University student finds 10 per cent of material in water at Redbank Creek is microplastics

Redbank Creek is choking on plastic, with a university student finding a shocking 10 per cent of material in the water at North Richmond is microplastics.

Final year Bachelor of Natural Science (Environmental Management) student at Western Sydney University, Justine Wade, conducted the research as part of her work for the Water in the Landscape unit.

Microplastic: WSU student Justine Wade with a sample of water taken from Redbank Creek under the bridge at North Richmond. Picture: Geoff Jones.

Microplastic: WSU student Justine Wade with a sample of water taken from Redbank Creek under the bridge at North Richmond. Picture: Geoff Jones.

Ms Wade took three soil samples and swept an algae net through the creek to obtain a water material sample under the bridge near the North Richmond wastewater treatment plant, drying the samples in an air oven overnight and sieving them to remove any material over five millimetres.

Viewing her results under a microscope, Ms Wade was physically unable to count just how much plastic was present in the water material sample.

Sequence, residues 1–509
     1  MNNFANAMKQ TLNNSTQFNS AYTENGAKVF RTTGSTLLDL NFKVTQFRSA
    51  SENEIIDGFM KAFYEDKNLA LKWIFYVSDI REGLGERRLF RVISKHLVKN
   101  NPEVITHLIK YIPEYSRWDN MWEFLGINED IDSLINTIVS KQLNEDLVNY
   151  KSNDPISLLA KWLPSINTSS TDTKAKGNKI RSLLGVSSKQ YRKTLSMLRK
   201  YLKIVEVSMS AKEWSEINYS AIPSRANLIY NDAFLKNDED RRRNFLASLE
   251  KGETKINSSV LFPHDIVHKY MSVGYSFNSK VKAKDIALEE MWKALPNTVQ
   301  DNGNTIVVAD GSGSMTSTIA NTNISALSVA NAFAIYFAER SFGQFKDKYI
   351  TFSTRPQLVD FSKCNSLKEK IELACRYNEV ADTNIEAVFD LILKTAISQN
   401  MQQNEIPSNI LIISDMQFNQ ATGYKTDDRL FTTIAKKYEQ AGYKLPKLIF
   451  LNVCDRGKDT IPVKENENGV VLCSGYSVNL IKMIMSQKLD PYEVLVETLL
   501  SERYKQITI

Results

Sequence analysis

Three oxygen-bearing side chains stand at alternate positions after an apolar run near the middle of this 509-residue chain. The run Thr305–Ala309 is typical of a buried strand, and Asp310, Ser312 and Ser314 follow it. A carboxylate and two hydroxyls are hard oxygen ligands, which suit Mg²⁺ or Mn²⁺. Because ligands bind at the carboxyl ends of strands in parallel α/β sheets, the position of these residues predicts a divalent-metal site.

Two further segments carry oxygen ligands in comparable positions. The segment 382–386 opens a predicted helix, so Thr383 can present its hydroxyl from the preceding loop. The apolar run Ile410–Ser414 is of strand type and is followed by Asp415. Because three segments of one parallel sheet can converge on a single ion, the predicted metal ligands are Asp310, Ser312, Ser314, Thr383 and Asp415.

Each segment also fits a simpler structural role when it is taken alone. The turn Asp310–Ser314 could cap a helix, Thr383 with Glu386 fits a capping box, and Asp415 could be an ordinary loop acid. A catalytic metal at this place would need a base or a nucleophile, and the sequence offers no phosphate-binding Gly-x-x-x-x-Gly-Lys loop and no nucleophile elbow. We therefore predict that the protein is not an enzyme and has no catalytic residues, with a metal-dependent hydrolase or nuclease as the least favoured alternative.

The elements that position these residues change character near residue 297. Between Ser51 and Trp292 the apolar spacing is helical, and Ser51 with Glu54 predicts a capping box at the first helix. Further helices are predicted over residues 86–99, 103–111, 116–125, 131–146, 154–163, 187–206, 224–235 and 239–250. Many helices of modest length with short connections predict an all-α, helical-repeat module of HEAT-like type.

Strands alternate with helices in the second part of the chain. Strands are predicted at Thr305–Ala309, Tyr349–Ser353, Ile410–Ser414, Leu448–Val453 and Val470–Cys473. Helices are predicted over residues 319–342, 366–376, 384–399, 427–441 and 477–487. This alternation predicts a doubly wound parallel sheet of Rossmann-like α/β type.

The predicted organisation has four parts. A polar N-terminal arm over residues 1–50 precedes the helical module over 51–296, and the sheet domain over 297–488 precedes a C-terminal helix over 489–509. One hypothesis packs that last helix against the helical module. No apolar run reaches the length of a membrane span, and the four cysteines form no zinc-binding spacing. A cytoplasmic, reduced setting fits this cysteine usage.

"I couldn't correctly count the amount of microplastics in the water material sample due to the huge amount that was in there," she said. "I knew there was going to be a lot of plastic in it because the spot I tested had things like a kid's swimming pool and bottles dumped in it.

"[But] the plastics were so intertwined and connected that I didn't know where one started and ended.

"I gave a percentage because I could not actually count it. I ended up with a percentage count of 10 per cent, [meaning] 10 per cent of the material found in the water at that specific location was microplastics. This would result in 100mg of plastic per kilogram of suspended water particles."

Ms Wade also found a total of 11 microplastics in the 30mg of soil she tested, meaning 366 microplastic particles were present in a kilogram of soil in the area.

Microplastics are any plastics with a diameter smaller than 5mm, which can include microbeads from beauty product exfoliants, micro fibres from clothing, or just some of the millions tonnes of plastics that get broken down into small particles by sunlight, waves, heat and currents in rivers and oceans.

Ms Wade said high levels of microplastic in the water material harmed aquatic animals and, in turn, affected other predators.

"Microplastics block digestive tracts, diminish the urge to eat and can cause abnormal growth in aquatic animals who may ... ingest this," she explained. "This ultimately causes a domino effect, which creates problems for those predators eating the prey, and so on."

Comparison data taken upstream of the original samples showed just two microplastics in the 30mg sample - or 66 microplastics per kilogram of soil - meaning areas where there was less development had 5.5 times less mircoplastics, she said.

Ms Wade, from East Kurrajong, is hoping her research leads to a greater awareness of the use of plastic in the Hawkesbury.

"The less plastic you use, the better," she said. "A lot of stormwater goes into that creek, so a lot of plastic from the streets of North Richmond ends up in the creek."